Quantum sues Riverbed over de-dupe patent
Trying to eliminate IP redundancy?
Still fresh from acquiring a patent agreement from Data Domain by threatening legal action, Quantum is turning its eyes to another rival in the de-duplication market.
Quantum said today it is suing Riverbed Technology on claims it is violating its intellectual property.
Quantum's unmercifully technical 47-page complaint was filed in US District Court in California. It alleges that Riverbed is infringing on a Quantum de-duplication patent it was granted in 2006.
Quantum asks to block further alleged infringement and seeks damages, attorney's fees and other expenses.
The patent in question is Quantum's "method for partitioning a block of data into subblocks and for storing and communicating such subblocks." The company said it acquired the patent from their acquisition of ADIC/Rocksoft.
Just to make things clear:
Page 19: Depicts a method (and apparatus) for the partitioning using a constraint F, of two blocks b1 and b2 into subblocks, the calculation of the hashes of the subblocks using H, and the comparison of those hashes with each other to determine (among other things) subblocks common to both b1 and b2.
Last year, Quantum was able to secure the agreement with Data Domain by approaching the vendor with claims of patent violations. In addition, it secured shares from Data Domain's IPO, which netted a cool $5,850,000.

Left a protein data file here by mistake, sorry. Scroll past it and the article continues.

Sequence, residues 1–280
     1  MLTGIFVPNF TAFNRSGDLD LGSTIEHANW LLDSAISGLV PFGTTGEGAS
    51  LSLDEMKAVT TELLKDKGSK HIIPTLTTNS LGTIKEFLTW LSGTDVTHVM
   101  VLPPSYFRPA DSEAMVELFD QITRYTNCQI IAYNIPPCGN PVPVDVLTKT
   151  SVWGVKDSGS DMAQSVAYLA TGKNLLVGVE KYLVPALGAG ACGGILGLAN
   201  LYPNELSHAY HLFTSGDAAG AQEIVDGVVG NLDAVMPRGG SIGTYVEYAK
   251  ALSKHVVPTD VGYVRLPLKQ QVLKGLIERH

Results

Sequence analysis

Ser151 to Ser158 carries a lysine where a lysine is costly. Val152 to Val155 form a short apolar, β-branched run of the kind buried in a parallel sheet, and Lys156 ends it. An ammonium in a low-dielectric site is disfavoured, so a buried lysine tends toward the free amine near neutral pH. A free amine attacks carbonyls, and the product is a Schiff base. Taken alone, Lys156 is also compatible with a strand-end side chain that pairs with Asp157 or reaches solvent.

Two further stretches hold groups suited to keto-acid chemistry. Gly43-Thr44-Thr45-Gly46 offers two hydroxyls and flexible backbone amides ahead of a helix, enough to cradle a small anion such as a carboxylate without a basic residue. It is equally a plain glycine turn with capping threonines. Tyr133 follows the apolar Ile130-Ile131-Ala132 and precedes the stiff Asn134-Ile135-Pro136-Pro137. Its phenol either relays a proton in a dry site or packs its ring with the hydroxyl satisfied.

But Riverbed was apparently unstirred by similar tactics from Quantum's legal dogs of war.
"Over the last eight months, we have worked to engage Riverbed in an effort to resolve this issue directly," said Shawn Hall, Quantum veep (and counsel) in a statement. 'Unfortunately, this effort has been unsuccessful, and we felt we had no choice but to initiate legal action to protect our intellectual property in data de-duplication."
In a separate statement, Riverbed denied the charges. The company said they have no factual or other basis to believe it infringes on any third party patents. Riverbed intends to defend itself against the action. ®
Another patent that absolutely should never have been granted
It looks suspiciously like a form of CRC checking to me. People have been doing that for years and years and years and years.
Has the head of the USA patent office resigned yet as an admission of incompetence? If not, then its high time he was taken out and shot.
They will be trying to get a patent on the battle of trafalgar next.
How in the hell does anyone get a patent on de-duplication nowadays? Isn't that the cornerstone of every compression technique ever invented? Oh wait, this is the U.S. Nevermind.
They patented a first-year computer science assignment problem and solution??
The USPTO really is the bottom of the barrel when it comes to actually reviewing patents, isn't it? Apply, get one. Pay no attention to the scads of prior art in front of the curtain.